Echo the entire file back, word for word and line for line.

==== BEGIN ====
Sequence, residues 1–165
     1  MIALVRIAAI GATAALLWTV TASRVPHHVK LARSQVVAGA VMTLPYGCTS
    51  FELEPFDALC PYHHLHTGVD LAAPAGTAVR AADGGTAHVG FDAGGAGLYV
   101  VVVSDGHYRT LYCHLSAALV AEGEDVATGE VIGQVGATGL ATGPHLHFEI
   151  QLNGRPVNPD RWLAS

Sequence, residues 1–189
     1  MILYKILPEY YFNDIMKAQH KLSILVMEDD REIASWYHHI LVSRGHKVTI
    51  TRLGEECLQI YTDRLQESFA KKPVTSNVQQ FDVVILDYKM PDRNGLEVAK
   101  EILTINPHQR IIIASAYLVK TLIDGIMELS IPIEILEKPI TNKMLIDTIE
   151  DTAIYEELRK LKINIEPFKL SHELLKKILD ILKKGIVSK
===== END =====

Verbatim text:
Sequence, residues 1–165
     1  MIALVRIAAI GATAALLWTV TASRVPHHVK LARSQVVAGA VMTLPYGCTS
    51  FELEPFDALC PYHHLHTGVD LAAPAGTAVR AADGGTAHVG FDAGGAGLYV
   101  VVVSDGHYRT LYCHLSAALV AEGEDVATGE VIGQVGATGL ATGPHLHFEI
   151  QLNGRPVNPD RWLAS

Sequence, residues 1–189
     1  MILYKILPEY YFNDIMKAQH KLSILVMEDD REIASWYHHI LVSRGHKVTI
    51  TRLGEECLQI YTDRLQESFA KKPVTSNVQQ FDVVILDYKM PDRNGLEVAK
   101  EILTINPHQR IIIASAYLVK TLIDGIMELS IPIEILEKPI TNKMLIDTIE
   151  DTAIYEELRK LKINIEPFKL SHELLKKILD ILKKGIVSK